When Turkish police raided the Istanbul garment factory where Baktash works, he escaped through a back door as they swept through looking for undocumented migrants.
“They come to our homes at night, too. Perhaps neighbours report us – many have been taken,” the Afghan refugee told The National.
Baktash was visiting 12 other undocumented Afghan men in a dilapidated two-room apartment in the working-class district of Zeytinburnu. Some of them arrived in the country as little as a week ago after fleeing in the run-up to the US pullout, amid a sweeping Taliban advance.
There is no furniture, only traditional floor cushions that serve as seating in the day and as beds at night.
In the face of an intense crackdown by Turkish police in recent weeks, the men say that sometimes they do not even go to work because they are so scared they could be caught and sent back to Afghanistan. In one August raid in the eastern province of Van, a migrant transit hub near the border with Iran, 115 mostly Afghans were detained in just two apartments.
The men keep the curtains shut at all times to keep any prying eyes out.
“People don’t go out any more,” said Baktash, 27, a former interpreter for the US military who now works informally operating sewing machines to make cheap clothing.
Baktash is eligible to be resettled in the US due to his former work, but has been unable to understand the complicated application process. He is gaunt, eyes sunken after days of no sleep as he tries to find ways to get his family out of Afghanistan. They are at heightened risk from the Taliban due to his former work.
Applying for resettlement from a third country is even harder, and a US citizen who looked at the documents said they could not make sense of what was required.
Now Baktash is so worried he could be sent home, he is looking instead to be smuggled to Europe.
“If the police arrest you here, they will probably deport you. But the Taliban are terrorists and have no humanity – they know only killing.”
Thousands of Afghans are thought to have entered Turkey in recent months after fleeing the advance of the Taliban, often having traversed over 1,000 kilometres of canyons and desert by foot through Iran to get there. Even before the US began withdrawing its forces from Afghanistan, millions had fled to Turkey and other nearby countries due to the economic and security issues caused by four decades of near constant war.
In the first seven months of the year, Turkey’s migration office says it deported over 37,000 undocumented migrants, including some 13,000 Afghans – the largest single-nationality group. Since Kabul fell to the Taliban in late August, officials said the country has ceased deporting refugees to Afghanistan for humanitarian and logistical reasons, but no official policy to that effect has been announced.
Authorities have been uncharacteristically keen to take journalists to witness border detentions, eager to back up President Recep Tayyip Erdogan’s barbed rhetoric aimed towards Europe as both sides seek to avoid a repeat of the 2015 migrant crisis. Several European leaders have suggested that Afghan migrants should remain in Turkey and other countries in the region rather than being given asylum in Europe.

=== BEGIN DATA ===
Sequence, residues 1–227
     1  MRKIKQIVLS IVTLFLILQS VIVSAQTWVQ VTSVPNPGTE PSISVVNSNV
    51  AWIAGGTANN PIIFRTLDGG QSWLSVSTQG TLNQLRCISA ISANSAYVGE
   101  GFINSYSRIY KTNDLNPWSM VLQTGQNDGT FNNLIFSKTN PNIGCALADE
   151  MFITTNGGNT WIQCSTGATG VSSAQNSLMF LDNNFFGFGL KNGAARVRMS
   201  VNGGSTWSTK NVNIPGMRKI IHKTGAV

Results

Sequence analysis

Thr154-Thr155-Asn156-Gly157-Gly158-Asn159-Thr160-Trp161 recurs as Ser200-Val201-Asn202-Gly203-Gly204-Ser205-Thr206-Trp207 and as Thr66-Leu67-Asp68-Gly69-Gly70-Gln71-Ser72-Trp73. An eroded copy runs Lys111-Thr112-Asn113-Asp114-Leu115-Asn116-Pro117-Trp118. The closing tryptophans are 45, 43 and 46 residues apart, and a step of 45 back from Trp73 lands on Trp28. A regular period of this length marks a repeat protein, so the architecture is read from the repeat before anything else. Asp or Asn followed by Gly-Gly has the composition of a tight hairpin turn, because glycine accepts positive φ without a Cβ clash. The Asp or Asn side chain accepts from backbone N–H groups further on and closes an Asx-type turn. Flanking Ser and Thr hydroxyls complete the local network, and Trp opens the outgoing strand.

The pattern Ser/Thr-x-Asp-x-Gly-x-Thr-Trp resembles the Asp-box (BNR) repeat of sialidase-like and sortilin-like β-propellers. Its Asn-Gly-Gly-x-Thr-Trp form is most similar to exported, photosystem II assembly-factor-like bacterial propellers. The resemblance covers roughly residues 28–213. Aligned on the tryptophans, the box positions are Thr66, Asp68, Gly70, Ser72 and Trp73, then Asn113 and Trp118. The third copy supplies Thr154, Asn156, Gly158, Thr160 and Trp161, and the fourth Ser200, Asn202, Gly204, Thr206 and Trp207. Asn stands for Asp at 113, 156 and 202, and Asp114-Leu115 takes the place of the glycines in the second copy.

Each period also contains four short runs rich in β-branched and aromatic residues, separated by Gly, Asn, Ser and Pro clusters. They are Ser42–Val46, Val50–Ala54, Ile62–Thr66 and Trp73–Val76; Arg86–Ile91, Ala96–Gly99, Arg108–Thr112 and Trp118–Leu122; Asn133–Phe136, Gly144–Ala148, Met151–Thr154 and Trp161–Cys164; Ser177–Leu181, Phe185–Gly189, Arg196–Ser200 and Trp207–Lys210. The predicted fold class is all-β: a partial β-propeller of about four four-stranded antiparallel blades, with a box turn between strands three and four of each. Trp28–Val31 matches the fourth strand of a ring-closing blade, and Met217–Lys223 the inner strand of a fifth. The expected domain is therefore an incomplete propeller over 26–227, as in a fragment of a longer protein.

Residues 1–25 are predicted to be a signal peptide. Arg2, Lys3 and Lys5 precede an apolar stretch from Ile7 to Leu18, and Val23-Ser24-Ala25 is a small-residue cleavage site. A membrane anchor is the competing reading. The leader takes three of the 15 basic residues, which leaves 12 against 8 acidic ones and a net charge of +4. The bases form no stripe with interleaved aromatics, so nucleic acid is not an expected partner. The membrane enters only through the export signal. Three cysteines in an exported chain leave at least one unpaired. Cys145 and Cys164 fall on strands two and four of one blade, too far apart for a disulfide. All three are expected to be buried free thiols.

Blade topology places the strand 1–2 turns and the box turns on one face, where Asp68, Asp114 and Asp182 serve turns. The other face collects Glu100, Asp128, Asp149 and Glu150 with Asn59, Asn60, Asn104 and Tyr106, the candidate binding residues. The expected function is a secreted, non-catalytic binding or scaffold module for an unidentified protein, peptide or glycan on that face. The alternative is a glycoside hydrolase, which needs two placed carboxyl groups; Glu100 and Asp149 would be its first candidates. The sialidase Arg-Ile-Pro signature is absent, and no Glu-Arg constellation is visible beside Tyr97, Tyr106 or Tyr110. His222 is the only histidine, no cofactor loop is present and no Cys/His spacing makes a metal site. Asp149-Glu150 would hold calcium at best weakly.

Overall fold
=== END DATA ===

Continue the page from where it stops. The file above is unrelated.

Yet Turkey is already home to the world’s largest refugee population at over four million. It is a divisive political issue as the country heads towards a pivotal general election in 2023, which some believe could be held next year amid waning popularity for Mr Erdogan.
Anti-migrant rhetoric has become rife among even the centre-left opposition – People’s Republican party (CHP) leader Kemal Kilicdoroglu said on Friday that he will send all Syrians and Afghans back to their home countries within two years if he wins.
Deportation reports rattle already frightened refugees
Rumours abound among the Afghan community that secret deportations are already happening and that people are transported to detention centres near the border before being forcibly pushed back to Iran, something Turkish officials deny. Many of the Zeytinburnu men claim they are in contact with friends that it happened to.
“Since Erdogan said Turkey is not Europe’s ‘refugee warehouse’ [on August 19], we have been getting even more nervous that they want us gone,” said Mustafa, 20, who also works informally in a garment factory.
Like all of the men in the house, Mustafa’s family are still trying to leave Afghanistan by whatever means they can find. Last week, they made it to Kabul Airport only to be caught up in the deadly ISIS-K blast, which killed at least 170. His cousin was killed and sister injured after she was blown to the floor by the explosion and then trampled by panicked crowds.
He says he is trying to save money to help them leave, yet most of the men are also fast-tracking plans to move on to Europe. They don’t trust Turkey, which is in talks with the Taliban over the operation of Kabul Airport and reconstruction of the country.
“Before the Taliban regained control, Erdogan said Afghans were his brothers. Now, it seems like he wants a relationship with them, so we are watching, scared,” Mustafa said.
The path to Europe is not easy either – it can cost thousands of dollars in smuggler fees and as countries scramble to find ways to keep Afghans out. Greece has installed a new 40km border fence and surveillance system. A number of the men The National spoke to have already been pushed back by Greek or Bulgarian border police on multiple occasions, often, they claim, violently.
“What are we supposed to do?” said Baktash. “We can’t stay here, we can’t move on and we can’t go back.”